Please write a response in multi-paragraph form (400-500 words total) to the following prompt, making sure to elaborate on the arguments from the readings in your own words (lengthy quotes do not count toward the word count – instead, use your own words). Make sure to answer all the parts of the prompt fully, and to proofread your work before submitting it.
1. In Advertising as Religion, Sut Jhally argues that historically, advertisements emerged from modern consumerist culture and echoed Karl Marx’s notion of commodity fetishism. What is commodity fetishism and how does it relate to advertisement cultures?
2. In “Rhetoric of the Image,” Roland Barthes analyses the Panzani advertisement in his semiotic approach and concludes that in the ad “the literal image is denoted, and the symbolic image is connoted” (37). What is denotation and connotation according to Barthes, and more importantly, how is Barthes’ approach to analysis advertisement differ from Jhally’s.
3. Referring to screenings from this week, give an example that substantiate Jhally’s comparisons between advertisement industries to organized religion.
for the book Mythologies by Barthes, just read pages 58–61 and 107–115 of this book.
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In Advertising as Religion, Sut Jhally discusses commodity fetishism, which is an emergent property of advertisements in a capitalistic society. Commodity fetishism is the removal of the information about who made the product or how they made the product and replacing it with a magical story of how the product will bring you social happiness. Thus, commodity fetishism removes the true social relations that a product carries and replaces it with an imaginary social relation that is designed to convince the consumer to purchase the product. These imaginary social relations often are fantastic and magical and therefore have a stronger allure than the real interactions, convincing more people to purchase the product. Additionally, because the social relation was not real, once the product has been purchased people are not satisfied. This leaves them hungry and ready to purchase more products that promise them happiness. Therefore, this system an effective way to keep a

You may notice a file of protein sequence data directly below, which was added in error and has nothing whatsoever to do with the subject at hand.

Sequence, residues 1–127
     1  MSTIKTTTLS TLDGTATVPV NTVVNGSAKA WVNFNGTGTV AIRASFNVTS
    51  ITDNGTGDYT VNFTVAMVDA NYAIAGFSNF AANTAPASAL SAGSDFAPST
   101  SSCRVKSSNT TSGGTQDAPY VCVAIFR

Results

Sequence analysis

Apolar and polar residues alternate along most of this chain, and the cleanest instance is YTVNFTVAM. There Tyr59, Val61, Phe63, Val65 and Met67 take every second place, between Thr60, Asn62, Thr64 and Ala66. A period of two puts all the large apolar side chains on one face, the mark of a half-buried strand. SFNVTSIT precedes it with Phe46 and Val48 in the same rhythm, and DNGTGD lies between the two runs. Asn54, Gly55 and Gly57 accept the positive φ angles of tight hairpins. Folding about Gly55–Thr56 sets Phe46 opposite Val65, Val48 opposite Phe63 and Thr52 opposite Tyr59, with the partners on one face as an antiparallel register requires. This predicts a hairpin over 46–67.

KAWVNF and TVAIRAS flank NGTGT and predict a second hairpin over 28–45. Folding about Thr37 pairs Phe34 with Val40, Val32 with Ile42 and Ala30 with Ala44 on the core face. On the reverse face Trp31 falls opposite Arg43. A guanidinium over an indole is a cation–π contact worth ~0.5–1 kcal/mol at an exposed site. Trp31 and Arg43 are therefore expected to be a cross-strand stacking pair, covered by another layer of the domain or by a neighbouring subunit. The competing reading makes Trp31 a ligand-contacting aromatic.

Denotation is the information that is explicitly displayed, be it image or text. Connotation is the information that we receive from the denoted information, that is a result of some other effectively ubiquitous knowledge that people possess. In the Panzani advertisement, as Barthes claims at the end of the article, the literal image is the denoted information. However, the information that Panzani represents fresh Italian food, is a result of our knowledge that the name “Panzani” is Italian and that being in a bag with other fresh food means it is also fresh. Barthes’ approach to analysis seems to presuppose that we already have the additional information to reach the conclusions of the advertisements are targeting. In contrast, Jhally’s approach believes that advertisements are training our ways of thinking, and defining our knowledge of social interactions.
In the screening, Advertising at the Edge of Apocalypse, Jhally demonstrates how the current form of advertisement is similar to organized religion. In modern advertisements, there is a magical story as to how performing some action, such as buying a product, will result in social happiness. This is effectively the same as what religion promises, except it lacks the central morals that religion attempts to impose. For example, in the Bicardi commercial, it shows you that if you by Bicardi, you will immediately be having the best party of your life. This is similar to being told by religions that is you act morally, you will be sent to heaven.
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MYTHOLOGIES Books by Roland Barthes A Barthes Reader Camera Lucida Critical Essays The Eiffel Tower and Other Mythologies Elements of Semiology The Empire of Signs The Fashion System The Grain of the Voice Image-Music-Text A Lover’s Discourse Michelet Mythologies New Critical Essays On Racine The Pleasure of the Text The Responsibility of Forms Roland Barthes The Rustle of Language Sade / Fourier / Loyola The Semiotic Challenge S/Z Writing Degree Zero MYTHOLOGIES Roland Barthes Selected and translated from the French by ANNETTE LAVERS THE NOONDAY PRESS – NEW YORK FARRAR, STRAUS & GIROUX 2 Contents Translated from the French Mythologies (c) 1957 by Editions du Seuil, Paris Translation (c) 1972 by Jonathan Cape Ltd. All rights reserved Library of Congress catalog card number: 75-185427 Of the essays reproduced in this book, “The World of
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